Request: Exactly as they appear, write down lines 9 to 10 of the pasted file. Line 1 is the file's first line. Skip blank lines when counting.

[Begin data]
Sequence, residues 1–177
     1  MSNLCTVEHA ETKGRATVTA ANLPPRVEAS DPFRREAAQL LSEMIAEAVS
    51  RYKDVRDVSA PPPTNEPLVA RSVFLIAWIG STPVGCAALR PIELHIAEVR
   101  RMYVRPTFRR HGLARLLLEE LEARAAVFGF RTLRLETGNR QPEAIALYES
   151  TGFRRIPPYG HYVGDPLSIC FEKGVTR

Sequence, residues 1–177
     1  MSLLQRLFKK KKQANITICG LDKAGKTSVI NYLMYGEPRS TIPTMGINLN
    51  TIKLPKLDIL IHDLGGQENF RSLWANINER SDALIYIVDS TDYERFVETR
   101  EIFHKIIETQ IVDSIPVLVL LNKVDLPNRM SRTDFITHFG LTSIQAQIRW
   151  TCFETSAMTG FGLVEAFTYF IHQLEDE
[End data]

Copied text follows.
   101  EIFHKIIETQ IVDSIPVLVL LNKVDLPNRM SRTDFITHFG LTSIQAQIRW
   151  TCFETSAMTG FGLVEAFTYF IHQLEDE